Getting Happy

It’s the International Day of Happiness. I began celebrating it with violent cursing and screaming at an unexpected road closure that turned my normal 35 minute commute to work into a 50 minute meltdown of rage and anxiety.

I sat at my desk, barely making it there in time for the kids to come running in, pushing and shoving to get to the coat rack. I was holding my head in my hands when a student came to my desk. This student, who has multiple disabilities which include an inability to read social cues, says, “Mrs. Cory! Mrs. Cory! Mrs. Cory! Mrs. Cory! Mrs. Cory!” And when I lifted my head and said, “WHAT?!”, he said, “Mrs. Cory, it’s Happy Day! Get happy, Mrs. Cory!”

And so I did.

I brought up the video for Pharrell Williams’ “Happy” on the board and we danced, all 18 of us, twirling and Ninja kicking and clapping and jumping like crazy people. Be jealous, all you non-first grade teachers. I freaking twirl at work.

I have been reading The Art of Happiness, written by The Dalai Lama and Howard Cutler, Ph.D., and the insights into the nature of humankind and the practice of becoming happy are fascinating. (I have yet to get to the part about how to cultivate happiness during an outrageously stupid detour that takes a person 20 miles out of her way, but I’m hoping it’s in Chapter 7.) The book states that our happiness depends greatly on our outlook, and that the choice to approach life with positivity (and the willingness to actually put effort into doing so) is the only way to achieve it.

Mr. Lama (yes..I realize that isn’t his name, but he’s pretty awesomely cool so I don’t think he would mind…) suggests that if we base our happiness on material things, then we eventually become bound by our limits and will never be fully satisfied. If we love what we have, instead of needing to have what we love, we will be happier. If our happiness is internal, not external, then it doesn’t matter if we live in a palace or a tent – we can experience happiness.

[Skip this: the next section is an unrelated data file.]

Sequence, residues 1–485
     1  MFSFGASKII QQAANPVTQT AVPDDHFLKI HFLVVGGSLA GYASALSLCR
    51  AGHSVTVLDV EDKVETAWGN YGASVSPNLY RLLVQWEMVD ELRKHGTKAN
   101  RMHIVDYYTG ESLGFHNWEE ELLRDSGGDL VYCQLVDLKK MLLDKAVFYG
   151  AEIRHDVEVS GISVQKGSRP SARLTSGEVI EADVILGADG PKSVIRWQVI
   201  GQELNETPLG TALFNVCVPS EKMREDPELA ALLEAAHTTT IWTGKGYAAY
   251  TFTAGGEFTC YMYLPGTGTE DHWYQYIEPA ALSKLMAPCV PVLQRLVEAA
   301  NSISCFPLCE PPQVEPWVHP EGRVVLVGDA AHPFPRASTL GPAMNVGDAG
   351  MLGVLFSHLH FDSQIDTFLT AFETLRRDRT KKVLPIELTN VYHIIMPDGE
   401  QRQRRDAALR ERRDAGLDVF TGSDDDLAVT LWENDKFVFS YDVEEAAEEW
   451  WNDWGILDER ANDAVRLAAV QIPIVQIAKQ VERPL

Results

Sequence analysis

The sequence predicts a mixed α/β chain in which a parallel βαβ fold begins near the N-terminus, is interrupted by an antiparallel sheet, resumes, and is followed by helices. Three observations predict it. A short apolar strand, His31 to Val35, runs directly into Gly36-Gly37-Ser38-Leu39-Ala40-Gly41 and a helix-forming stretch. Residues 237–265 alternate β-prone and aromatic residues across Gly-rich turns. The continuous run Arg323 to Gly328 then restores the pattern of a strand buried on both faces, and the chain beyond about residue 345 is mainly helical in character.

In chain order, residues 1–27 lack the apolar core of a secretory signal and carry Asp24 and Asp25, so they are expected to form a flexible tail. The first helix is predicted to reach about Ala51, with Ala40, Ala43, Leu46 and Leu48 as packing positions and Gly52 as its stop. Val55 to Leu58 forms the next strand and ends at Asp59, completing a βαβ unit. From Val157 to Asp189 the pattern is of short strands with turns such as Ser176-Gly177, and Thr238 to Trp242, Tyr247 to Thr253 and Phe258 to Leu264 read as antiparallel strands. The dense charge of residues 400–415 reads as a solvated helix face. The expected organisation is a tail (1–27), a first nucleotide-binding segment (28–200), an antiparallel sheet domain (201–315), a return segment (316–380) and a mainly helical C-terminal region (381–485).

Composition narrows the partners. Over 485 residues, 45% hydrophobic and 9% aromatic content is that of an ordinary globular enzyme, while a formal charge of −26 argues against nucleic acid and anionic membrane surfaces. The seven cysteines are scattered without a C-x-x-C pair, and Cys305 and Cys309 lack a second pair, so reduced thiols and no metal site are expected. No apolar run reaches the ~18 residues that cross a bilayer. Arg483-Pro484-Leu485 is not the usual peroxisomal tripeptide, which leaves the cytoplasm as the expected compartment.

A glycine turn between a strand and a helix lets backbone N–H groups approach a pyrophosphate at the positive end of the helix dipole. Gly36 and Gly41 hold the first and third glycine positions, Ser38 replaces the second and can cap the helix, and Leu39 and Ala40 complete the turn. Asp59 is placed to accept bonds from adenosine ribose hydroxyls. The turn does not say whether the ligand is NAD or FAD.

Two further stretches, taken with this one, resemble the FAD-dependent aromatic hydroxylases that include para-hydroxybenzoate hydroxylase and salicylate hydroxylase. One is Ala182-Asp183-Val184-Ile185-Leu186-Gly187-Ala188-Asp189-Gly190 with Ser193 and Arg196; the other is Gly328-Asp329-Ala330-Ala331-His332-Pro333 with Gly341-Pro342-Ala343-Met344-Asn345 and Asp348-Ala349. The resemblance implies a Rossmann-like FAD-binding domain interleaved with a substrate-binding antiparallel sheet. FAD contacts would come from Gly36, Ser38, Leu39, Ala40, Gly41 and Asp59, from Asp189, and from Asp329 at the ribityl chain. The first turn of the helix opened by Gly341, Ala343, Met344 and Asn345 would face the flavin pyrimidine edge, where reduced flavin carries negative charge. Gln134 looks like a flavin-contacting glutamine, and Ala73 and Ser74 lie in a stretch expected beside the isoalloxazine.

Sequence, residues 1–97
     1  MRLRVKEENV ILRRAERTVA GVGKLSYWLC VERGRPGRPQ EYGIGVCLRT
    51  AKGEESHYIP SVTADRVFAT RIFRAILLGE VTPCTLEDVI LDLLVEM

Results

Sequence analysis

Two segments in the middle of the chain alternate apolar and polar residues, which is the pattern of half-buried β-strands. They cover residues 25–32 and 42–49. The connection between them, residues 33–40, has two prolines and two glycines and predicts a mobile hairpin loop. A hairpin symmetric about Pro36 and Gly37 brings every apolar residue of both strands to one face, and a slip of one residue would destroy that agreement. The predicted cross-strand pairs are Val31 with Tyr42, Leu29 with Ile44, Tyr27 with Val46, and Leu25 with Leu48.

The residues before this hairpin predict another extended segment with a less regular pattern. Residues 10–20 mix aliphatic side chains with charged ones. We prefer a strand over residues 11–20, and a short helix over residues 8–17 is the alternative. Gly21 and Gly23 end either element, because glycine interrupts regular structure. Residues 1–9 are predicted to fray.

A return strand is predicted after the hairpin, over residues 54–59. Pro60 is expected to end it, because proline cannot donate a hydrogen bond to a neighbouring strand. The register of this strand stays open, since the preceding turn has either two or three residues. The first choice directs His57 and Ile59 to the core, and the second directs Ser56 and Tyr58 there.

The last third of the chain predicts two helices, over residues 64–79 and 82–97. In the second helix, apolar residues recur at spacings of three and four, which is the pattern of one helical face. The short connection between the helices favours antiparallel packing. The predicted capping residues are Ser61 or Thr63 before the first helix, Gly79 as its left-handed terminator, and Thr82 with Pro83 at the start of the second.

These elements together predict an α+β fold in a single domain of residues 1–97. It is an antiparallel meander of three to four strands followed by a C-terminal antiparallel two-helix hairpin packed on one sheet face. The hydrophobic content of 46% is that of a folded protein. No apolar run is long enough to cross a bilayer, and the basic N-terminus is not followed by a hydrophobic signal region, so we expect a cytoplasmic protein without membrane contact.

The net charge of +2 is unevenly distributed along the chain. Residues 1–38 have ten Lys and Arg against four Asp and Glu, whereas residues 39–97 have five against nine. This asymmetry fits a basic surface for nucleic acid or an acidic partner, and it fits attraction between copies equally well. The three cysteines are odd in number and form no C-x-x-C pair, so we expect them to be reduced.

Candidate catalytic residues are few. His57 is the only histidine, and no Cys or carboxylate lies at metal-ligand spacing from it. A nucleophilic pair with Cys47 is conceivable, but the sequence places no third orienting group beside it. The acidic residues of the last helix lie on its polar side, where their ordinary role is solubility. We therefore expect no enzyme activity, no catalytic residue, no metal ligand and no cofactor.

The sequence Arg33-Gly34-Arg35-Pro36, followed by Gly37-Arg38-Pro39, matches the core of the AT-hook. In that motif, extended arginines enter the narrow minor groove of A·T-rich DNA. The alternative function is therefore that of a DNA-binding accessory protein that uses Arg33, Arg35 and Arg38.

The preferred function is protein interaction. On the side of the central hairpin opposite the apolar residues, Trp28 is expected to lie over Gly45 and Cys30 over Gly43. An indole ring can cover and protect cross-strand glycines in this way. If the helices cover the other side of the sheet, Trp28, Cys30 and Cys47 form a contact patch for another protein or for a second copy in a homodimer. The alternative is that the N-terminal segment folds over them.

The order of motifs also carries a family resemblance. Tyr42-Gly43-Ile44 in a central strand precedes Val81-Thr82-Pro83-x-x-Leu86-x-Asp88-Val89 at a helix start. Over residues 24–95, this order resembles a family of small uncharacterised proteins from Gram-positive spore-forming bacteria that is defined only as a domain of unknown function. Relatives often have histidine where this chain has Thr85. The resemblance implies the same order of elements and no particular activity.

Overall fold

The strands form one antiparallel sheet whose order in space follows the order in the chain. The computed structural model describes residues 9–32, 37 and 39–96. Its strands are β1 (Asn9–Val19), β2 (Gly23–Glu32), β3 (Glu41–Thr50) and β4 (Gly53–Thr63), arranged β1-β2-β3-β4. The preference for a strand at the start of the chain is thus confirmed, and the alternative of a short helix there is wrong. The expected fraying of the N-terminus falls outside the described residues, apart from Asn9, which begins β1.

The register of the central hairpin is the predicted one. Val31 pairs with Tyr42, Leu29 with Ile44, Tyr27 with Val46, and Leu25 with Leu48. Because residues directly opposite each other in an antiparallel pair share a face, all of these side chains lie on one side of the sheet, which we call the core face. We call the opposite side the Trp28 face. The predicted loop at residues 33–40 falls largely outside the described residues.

But cultivating inner peace and internal happiness isn’t an easy task. It’s difficult to check a bad attitude at the door especially when confronted by suffering, by angry people, and by IT customer service a week before your period. The best we can do is breathe deeply, remember that anger breeds anger (and alternatively, love breeds love) and step away from the kitchen knives. It is a practice, not something that hits you suddenly, like the Holy Ghost at a tent revival. It takes a conscious effort and a lot of self-reflection, as in, “Well, earlier today I didn’t flip off the guy who turned in front of me, but I did drown my feelings of inadequacy in a bowl of Fruity Pebbles, so I’m 1-for-1.” The greatest thing is you know that you have the most ultimate gift, another day to try again to be a little happier.

And if all else fails, put on some music and twirl.

8 thoughts on “Getting Happy

  1. My 2-year-old found the Music files on my iPhone yesterday. We spent a good hour getting our groovy moves on to Pharrell Williams. I felt elevated. International Happy Day indeed. 🙂

  2. Lovely piece – I so enjoyed it! Happiness is, very much, a state of mind. And kudos to you for breaking out Pharrell and dancing along. Some of my most joyful moments in life involved loud music and dancing around the living room with (and sometimes without) my own children. To this day, we look back and laugh at those giddy moments. And you have not lived until you see my youngest grandson dance. That boy has got crazy rhythm and does a mean bootie shake. Whenever I feel blue, I just picture him dancing and it makes me smile. Every time.

  3. I have been in quite the funk this spring and can’t seem to climb my way out. This was just the thing to remind me I need to work a little (ok, maybe a lot) harder at finding my happy place. Hope you don’t mind, but I am re-blogging this on my site. Thank you!

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